Preparative

New Advancements in Sample Preparation for the Enrichment of Phosphorylated Peptides and Proteins

Sep 03 2013

Author: Matthias Rainer, Günther K. Bonn on behalf of Institute of Analytical Chemistry and Radiochemistry

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The development of a complete analytical method includes a number of steps from sample collection to the final reporting of results. Intermediate stages involve sample storage, sample preparation, isolation of analytes, their identification and quantification. However, sample preparation is one of the most crucial processes in bioanalytical applications. The results of the experiment depend on the condition of the starting material, thus, a proper experimental model and careful sample preparation is crucial in order to obtain significant and reliable results. In the context of protein science and proteomics research, phosphoproteomics has become an important research area in several life sciences. However, phosphorylated compounds are usually present at very low concentrations. Thus, highly sensitive and selective technologies are required for their enrichment and purification. This review provides a short overview about new developments in sample preparation for the enrichment of phosphorylated peptides and proteins.

Biological samples used as a source for bioanalytical applications are usually very complex and need a prior clean-up or enrichment procedure in order to reduce sample complexity. There is a need for highly efficient bioanalytical approaches to handle the problems associated with sample preparation, separation and identification of proteins and peptides within biological species. Many newly emerged technologies meet the basic requirements and considerable progress has been made in the development of new stationary phases for the enrichment of phosphorylated peptides and proteins. Although many biochemical mechanisms are involved in cellular signalling, reversible phosphorylation of serine, threonine, and tyrosine residues is one of the most commonly used in mammalian cells (Figure 1) [1, 2]. The analysis of the entire cellular phosphoproteins panel, the so-called phosphoproteome, has been an attractive study subject since the discovery of phosphorylation as a key regulatory mechanism of cell life [3, 4, 5]. The high importance of protein phosphorylation makes the comprehensive identification of phosphorylation sites an important task for understanding biological functions. The covalently attached phosphorylation sites are usually present at substoichiometric levels. This means that a post-translational modification at a given site is often present in only a small fraction of the protein molecules of a given type. Thus, the development of sensitive and selective technologies which allows the enrichment of phosphorylated proteins or peptides is of utmost importance [6].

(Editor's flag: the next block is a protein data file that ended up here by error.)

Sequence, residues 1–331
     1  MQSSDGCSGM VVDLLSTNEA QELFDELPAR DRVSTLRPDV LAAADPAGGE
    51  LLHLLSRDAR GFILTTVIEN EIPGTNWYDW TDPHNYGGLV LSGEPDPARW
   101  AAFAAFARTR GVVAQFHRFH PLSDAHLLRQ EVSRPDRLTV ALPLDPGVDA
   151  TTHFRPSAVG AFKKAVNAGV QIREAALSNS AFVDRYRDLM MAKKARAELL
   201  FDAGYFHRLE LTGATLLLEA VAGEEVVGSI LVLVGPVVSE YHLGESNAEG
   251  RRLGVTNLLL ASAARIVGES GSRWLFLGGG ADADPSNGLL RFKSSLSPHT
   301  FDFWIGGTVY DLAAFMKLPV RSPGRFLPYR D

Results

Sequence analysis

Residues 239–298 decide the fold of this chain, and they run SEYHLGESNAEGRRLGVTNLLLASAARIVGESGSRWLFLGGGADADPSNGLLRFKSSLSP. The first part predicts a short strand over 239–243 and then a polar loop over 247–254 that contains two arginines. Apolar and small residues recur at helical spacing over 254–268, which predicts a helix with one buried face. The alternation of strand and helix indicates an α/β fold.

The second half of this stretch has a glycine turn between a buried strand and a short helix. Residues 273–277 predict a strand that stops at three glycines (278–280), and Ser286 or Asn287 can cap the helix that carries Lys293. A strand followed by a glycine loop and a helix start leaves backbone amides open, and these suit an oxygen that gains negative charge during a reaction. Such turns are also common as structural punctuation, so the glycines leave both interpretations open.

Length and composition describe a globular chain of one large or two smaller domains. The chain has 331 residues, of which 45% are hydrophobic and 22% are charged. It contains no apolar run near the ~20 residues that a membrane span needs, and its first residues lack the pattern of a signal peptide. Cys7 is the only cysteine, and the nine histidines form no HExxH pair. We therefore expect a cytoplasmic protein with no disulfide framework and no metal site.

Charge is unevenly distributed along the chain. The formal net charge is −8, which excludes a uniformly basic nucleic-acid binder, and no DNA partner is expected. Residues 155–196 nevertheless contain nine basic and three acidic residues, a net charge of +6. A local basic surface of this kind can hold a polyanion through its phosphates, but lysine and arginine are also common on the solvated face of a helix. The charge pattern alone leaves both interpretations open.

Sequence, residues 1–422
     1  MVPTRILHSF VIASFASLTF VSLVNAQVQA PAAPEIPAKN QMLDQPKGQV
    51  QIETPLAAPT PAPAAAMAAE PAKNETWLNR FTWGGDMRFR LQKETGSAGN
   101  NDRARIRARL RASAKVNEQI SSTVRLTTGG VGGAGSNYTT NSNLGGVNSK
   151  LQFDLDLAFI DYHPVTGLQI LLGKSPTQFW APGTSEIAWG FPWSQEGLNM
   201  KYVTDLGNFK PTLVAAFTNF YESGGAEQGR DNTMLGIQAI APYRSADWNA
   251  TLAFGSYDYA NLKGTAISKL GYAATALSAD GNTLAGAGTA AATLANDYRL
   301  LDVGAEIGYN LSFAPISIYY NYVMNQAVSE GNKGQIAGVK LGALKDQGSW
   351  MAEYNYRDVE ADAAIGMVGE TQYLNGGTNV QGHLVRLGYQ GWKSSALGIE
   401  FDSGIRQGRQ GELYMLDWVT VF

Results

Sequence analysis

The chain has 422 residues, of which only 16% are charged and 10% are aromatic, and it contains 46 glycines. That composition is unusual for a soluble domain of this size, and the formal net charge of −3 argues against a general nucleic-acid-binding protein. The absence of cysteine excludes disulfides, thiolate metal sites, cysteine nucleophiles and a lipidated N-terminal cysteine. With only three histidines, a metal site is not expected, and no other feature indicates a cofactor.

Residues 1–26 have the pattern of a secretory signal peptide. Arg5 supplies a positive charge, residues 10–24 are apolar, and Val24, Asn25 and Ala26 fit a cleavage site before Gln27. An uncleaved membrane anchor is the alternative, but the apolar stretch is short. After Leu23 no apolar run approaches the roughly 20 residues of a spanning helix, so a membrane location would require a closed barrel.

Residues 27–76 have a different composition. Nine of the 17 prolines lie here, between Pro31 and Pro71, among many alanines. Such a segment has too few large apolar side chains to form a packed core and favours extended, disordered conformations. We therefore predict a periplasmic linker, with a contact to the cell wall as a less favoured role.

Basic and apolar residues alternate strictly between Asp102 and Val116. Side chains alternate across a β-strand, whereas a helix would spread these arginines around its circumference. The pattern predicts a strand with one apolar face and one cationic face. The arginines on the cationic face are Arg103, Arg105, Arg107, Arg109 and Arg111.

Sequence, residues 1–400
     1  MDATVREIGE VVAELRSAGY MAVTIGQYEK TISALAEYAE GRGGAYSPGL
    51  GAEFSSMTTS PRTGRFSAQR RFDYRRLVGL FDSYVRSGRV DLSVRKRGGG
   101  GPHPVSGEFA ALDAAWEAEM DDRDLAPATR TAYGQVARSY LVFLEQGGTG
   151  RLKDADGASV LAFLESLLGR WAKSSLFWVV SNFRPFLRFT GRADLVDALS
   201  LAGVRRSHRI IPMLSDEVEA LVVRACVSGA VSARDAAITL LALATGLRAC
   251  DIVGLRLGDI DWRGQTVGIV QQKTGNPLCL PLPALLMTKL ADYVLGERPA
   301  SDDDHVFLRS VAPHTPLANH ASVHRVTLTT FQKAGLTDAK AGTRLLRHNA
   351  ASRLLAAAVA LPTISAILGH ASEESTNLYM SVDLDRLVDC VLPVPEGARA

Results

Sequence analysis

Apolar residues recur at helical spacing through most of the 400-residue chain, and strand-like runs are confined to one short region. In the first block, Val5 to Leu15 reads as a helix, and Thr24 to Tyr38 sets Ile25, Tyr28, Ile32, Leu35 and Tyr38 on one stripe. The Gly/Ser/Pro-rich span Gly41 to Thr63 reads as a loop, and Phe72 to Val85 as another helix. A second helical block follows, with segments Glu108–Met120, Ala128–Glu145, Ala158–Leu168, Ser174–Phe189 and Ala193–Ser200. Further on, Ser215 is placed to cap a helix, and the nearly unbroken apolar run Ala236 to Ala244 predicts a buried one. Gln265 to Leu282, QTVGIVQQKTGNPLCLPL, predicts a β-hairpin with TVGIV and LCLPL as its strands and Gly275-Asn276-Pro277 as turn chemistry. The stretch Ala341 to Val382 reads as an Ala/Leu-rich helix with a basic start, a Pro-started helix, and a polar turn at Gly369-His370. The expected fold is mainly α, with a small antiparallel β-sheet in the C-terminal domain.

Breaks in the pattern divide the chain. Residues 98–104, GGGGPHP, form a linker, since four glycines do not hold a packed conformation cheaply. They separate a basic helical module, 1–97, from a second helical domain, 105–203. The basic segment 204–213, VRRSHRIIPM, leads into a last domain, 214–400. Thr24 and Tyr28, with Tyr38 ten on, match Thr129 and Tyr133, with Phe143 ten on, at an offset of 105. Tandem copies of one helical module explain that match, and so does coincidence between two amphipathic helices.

New enrichment tools in phosphoproteomics
As a consequence, novel enrichment and desalting methods based on modern solid-phase extraction (SPE) technologies have been designed for the purification of biological samples which can be tailored to a specific bioanalytical application allowing endless possibilities in terms of selectivity tuning [7, 8]. SPE is a fast, versatile, easy to use and easy to automate sample preparation technique and enables both, concentration and purification of the sample. In particular, nanomaterials may have a great impact on future sample preparation due to their unique physical and chemical characteristics. Moreover, the move towards miniaturisation in bioanalysis has prompted the development of advanced enrichment and separation technologies by significantly enhancing the hyphenation to mass spectrometry. However, very often buffered solutions, salts and detergents are needed during the sample preparation procedure which tend to interfere with further protein identification, as they might inhibit the digestion process or disturb the mass spectrometric analysis. Usually a combined desalting and concentration step is performed in order to remove potentially interfering detergents and salts. This can be achieved by dialysis [9, 10], diafiltration [11, 12], gel filtration [13, 14] and centrifuge columns